of them, and combining them into a text which Mark later used (with
              several other texts of similar type but different theme) a a source?
              The assumption that one follower of Jesus collected them in memory,
              not as an monothematic enterprise of oral history but simply as an
              incident of being one of the party, does the same work of explanation
              and it uses about five less people in the dramatis personae.

              For the present, I prefer it. Not as an assumption, but after due
              inspection of the material, the different explanatory possibilities
              for the material, and the implications in real life to which each of
              those explanatory possibilities leads. In short, the usual way of
              testing hypotheses and fixing on one of them as one's working
              conclusion.

              I don't think gMk was written by a later ethnographer, let alone a
              team of later ethnographers plus a subsequent staff writer. I think
              that the core narrative (into which later Church Teachings were
              inserted as validation authority for later practices and issues) was
              the work of one person, and that that person used his own experience
              in the Jesus movement as his principal, and perhaps his only, source.

              I have earlier noted that it may be fruitful to consider that Luke was
              a Christian. To that apparently radical proposal, I now add the
              possibility that Mark may have been a Jesus follower. Not, like
              ourselves, a searcher of previous documents who knows only what he
              finds in the documents, and nothing more.

              Respectfully suggested,

              Bruce

              E Bruce Brooks
              Warring States Project
              University of Massachusetts at Amherst
            • Chuck Jones
              Steve, Excellent post.  Thanks for sharing it. I have been struck by Lk s insertion of the phrase holy spirit in his gospel.  Each time he does it, it adds
              Message 6 of 11 , Feb 24 5:12 AM
              • 0 Attachment
                Steve,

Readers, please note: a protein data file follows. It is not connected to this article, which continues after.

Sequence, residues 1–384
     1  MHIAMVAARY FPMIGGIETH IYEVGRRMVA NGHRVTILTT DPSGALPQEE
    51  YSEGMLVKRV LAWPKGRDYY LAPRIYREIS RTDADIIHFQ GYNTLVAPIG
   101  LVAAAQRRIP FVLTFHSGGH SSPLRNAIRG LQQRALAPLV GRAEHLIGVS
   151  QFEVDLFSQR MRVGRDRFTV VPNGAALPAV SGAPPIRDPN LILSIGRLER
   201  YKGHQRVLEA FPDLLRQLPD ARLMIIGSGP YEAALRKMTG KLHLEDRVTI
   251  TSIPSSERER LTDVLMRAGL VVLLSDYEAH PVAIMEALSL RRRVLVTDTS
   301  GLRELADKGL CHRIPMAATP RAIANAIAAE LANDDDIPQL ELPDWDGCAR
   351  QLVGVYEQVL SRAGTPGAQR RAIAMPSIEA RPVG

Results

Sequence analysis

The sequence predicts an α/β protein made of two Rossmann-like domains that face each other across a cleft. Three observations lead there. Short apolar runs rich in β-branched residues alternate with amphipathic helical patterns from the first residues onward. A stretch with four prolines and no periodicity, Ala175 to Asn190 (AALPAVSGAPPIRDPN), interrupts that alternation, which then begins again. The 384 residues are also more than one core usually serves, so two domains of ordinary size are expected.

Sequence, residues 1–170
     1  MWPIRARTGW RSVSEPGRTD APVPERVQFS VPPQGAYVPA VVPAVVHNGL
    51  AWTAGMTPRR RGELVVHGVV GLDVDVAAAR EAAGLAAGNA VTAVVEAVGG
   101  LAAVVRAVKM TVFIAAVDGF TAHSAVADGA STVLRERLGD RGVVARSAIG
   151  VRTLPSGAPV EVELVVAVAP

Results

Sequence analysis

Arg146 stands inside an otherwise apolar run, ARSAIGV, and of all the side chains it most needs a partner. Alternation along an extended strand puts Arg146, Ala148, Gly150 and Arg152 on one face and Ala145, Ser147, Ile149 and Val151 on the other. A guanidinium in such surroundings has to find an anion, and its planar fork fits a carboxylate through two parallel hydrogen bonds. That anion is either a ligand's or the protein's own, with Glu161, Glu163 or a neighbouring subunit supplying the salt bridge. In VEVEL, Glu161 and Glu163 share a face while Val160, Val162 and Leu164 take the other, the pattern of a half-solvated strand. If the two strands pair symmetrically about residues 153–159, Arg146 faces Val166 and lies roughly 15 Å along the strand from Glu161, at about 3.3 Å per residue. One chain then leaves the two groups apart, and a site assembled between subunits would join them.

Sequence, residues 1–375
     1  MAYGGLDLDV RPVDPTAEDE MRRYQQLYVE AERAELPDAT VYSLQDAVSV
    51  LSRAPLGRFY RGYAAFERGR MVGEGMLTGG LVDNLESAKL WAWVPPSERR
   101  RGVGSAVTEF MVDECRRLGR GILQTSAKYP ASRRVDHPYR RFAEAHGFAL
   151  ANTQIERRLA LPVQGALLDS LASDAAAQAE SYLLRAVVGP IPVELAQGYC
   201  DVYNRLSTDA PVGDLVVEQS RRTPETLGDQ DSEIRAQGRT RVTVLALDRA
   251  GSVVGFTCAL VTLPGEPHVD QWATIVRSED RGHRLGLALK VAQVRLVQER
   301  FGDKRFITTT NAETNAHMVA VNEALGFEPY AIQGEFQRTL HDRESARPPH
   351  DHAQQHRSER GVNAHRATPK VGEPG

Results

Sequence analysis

Excellent post.  Thanks for sharing it.

                I have been struck by Lk's insertion of the phrase "holy spirit" in his gospel.  Each time he does it, it adds only three words (and is therefore an excellent example of an editorial change not based on a source), and no single one of them profoundly changes the meaning of its passage.  But the way the cumulative effect sets the stage for Acts is remarkable.

                Likewise, why does Mt have "kingdom of heaven" rather than "kingdom of god"?

                I think you're on to something with your thesis.  One of my professors used to say, "he who frames the terms wins the debate."

                Chuck

                Chuck Jones
                Interim Executive Director
                Westar Institute
                The Jesus Seminar
                --- On Tue, 2/23/10, Steve Runge <srunge@...> wrote:

                Chuck,

                I appreciate your candidness about presuppositions on the "Was Matthew's Sermon broken up?" thread. I am new to the list, with a background primarily in biblical languages and discourse studies. I have been doing research tangential to the synoptic problem, but woould like to work more formally on the issue in the coming year.

                In surveying the synoptic literature, I am struck by how much presuppositions held about sources and compositional history direct the conclusions reached. This raises a practical question about claiming Q as a source regarding macro-level versus micro-level departures from Mark, based on Markan priority.